Taking your recommendations I narrowed it down to a DIY grey (my preferred choice :T ) or the "120" EluneVision High Definition Cinema Grey" screen with a listed 1.1 gain, (my Dads preferred choice). Since it's his theatre I'll get him the manufactured screen. :innocent: Going to the smaller 120" will give more light to go to eco mode also negating that worry.

Any thoughts on the above screen? I like in DIY how you can pick your own shade of grey... what do manufactured screens come with, something like a N8 or is it a really light grey?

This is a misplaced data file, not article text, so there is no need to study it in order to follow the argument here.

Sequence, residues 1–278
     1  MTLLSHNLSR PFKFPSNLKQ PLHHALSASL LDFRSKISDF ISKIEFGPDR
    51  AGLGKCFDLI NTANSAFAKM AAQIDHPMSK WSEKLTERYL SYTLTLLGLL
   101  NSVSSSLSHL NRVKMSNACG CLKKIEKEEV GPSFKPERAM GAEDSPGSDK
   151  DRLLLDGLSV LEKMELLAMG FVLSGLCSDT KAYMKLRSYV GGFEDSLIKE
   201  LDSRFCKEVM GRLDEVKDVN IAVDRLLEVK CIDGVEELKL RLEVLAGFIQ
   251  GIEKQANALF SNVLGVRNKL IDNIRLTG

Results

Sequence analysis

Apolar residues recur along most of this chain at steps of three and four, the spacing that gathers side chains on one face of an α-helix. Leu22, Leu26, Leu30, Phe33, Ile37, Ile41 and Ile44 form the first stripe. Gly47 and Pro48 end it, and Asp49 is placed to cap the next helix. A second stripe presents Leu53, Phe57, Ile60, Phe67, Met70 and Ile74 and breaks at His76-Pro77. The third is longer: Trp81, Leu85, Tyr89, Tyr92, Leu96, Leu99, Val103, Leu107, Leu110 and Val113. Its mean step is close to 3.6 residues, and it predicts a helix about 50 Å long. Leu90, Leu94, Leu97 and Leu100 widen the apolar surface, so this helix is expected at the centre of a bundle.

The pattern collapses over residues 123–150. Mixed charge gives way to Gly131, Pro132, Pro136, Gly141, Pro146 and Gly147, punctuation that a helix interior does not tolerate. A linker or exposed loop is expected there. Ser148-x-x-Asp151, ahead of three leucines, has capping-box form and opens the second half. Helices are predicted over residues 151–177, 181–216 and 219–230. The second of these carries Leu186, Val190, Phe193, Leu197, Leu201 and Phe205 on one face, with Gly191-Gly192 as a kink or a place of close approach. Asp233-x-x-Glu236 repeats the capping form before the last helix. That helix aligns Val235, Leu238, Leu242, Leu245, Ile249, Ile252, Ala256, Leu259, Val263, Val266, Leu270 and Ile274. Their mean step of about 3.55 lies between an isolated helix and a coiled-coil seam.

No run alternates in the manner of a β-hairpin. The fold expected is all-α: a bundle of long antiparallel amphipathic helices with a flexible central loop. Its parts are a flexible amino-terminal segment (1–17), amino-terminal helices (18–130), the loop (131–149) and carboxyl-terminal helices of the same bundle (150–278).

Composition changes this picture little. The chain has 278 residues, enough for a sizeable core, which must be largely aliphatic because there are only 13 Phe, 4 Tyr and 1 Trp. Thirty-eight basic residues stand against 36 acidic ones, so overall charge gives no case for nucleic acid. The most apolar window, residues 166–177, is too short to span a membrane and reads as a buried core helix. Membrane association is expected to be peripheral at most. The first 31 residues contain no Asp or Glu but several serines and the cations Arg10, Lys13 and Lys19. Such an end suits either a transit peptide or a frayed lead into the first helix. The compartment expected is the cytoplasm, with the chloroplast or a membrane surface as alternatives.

Thanks again for the help! I found the site way back when I bought my projector but stayed a lurker... :hide: I've had the ingredients for Black Widow to paint my BOC screen for ages but now I'm finally learning I really need a flat grey for my Epson EX71 light cannon (73fl !!). :duh:
 

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Thanks for the info Mechman and Harpmaker... I was worried it would be to bright a projector but I also thought the gain might help in ambient light situations, is my thinking there flawed? Is gain only really good for low output projectors?